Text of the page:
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Krysten Farjo, Gennadiy Moiseyev, Jian-Xing Ma; Targeting the STRA6/RBP4 Binding interaction to Treat Macular Degeneration. Invest. Ophthalmol. Vis. Sci. 2013;54(15):1702.
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© ARVO (1962-2015); The Authors (2016-present)
Macular degeneration is initiated and perpetuated by the accumulation of toxic Vitamin A derivatives in the retinal pigment epithelium (RPE). Pharmacological inhibition of Vitamin A delivery or metabolism in the RPE can significantly slow and reduce vision loss in animal models of macular degeneration. Serum retinol binding protein (RBP4) transports Vitamin A, and delivers Vitamin A to RPE through binding to its receptor, STRA6. We sought to develop and characterize novel inhibitory peptides that target the STRA6/RBP4 interaction to reduce Vitamin A delivery to RPE.
We synthesized candidate inhibitory peptides based on the protein domains of STRA6 that are implicated in binding to RBP4 (including C43, C194-Q196, Y335-G341, and R461-N462). HEK-293 cells were used to generate a STRA6-stable cell line, which served as the basis for the development of a high throughput STRA6/RBP4 competition binding assay in which alkaline phosphatase-tagged RBP4 (AP-RBP4) is incubated with STRA6-stable cells alone or in combination with increasing concentrations of candidate inhibitory peptides. Quantification of AP activity is proportional to the amount of AP-RBP4 bound to STRA6-stable cells. In addition, we have established a cellular Vitamin A uptake assay to evaluate the efficacy of inhibitory peptides to reduce STRA6-mediated uptake of Vitamin A in STRA6-stable cells.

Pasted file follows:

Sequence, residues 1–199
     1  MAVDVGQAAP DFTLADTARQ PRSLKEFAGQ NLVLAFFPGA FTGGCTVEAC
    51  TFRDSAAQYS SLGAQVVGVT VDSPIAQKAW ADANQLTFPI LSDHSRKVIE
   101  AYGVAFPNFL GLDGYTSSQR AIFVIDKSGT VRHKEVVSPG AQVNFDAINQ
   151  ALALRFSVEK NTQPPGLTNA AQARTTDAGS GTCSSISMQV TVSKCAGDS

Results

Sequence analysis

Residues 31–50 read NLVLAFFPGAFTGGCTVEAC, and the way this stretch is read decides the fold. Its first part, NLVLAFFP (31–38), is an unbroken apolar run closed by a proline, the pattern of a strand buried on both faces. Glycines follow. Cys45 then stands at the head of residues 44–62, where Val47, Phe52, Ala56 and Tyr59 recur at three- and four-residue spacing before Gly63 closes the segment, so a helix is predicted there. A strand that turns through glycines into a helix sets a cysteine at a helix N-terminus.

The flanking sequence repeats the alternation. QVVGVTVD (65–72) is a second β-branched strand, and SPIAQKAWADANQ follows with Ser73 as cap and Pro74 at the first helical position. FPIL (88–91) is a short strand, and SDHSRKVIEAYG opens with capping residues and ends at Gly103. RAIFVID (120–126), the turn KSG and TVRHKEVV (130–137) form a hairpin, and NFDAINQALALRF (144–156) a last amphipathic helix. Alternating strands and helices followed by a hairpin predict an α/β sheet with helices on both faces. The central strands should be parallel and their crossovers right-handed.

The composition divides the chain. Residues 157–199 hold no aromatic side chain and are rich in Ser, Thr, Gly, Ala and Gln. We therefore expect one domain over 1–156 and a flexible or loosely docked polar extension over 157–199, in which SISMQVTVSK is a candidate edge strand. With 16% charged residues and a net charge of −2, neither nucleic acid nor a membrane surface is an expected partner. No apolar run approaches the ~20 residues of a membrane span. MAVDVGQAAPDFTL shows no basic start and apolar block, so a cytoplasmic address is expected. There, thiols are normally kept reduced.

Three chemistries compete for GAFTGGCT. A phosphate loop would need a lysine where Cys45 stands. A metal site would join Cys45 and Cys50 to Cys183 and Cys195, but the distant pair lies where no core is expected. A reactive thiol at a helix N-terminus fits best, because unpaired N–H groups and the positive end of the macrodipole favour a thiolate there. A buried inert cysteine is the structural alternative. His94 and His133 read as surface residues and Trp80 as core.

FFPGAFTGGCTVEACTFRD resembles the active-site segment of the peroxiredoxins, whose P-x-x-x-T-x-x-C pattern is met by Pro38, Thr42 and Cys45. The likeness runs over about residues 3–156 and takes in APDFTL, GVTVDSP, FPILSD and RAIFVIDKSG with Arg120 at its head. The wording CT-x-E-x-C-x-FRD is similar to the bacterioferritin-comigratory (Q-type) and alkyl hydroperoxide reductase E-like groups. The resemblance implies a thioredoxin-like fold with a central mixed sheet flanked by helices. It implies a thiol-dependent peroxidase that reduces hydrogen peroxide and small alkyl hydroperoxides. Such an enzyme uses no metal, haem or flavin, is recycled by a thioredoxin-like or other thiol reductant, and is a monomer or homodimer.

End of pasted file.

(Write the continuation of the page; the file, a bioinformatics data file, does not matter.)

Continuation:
We have identified four inhibitory peptides that significantly reduce the STRA6/RBP4 binding interaction and/or inhibit STRA6-mediated Vitamin A uptake.
Peptides derived from the STRA6 protein domains implicated in binding to RBP4 have inhibitory activity to significantly reduce STRA6/RBP4 binding and STRA6-mediated Vitamin A uptake in cell culture. Ongoing studies are evaluating the ability of these peptides to inhibit Vitamin A uptake and visual cycle activity in mouse eyecups. These inhibitory peptides could serve as the basis for the development of a novel therapeutic to treat macular degeneration.
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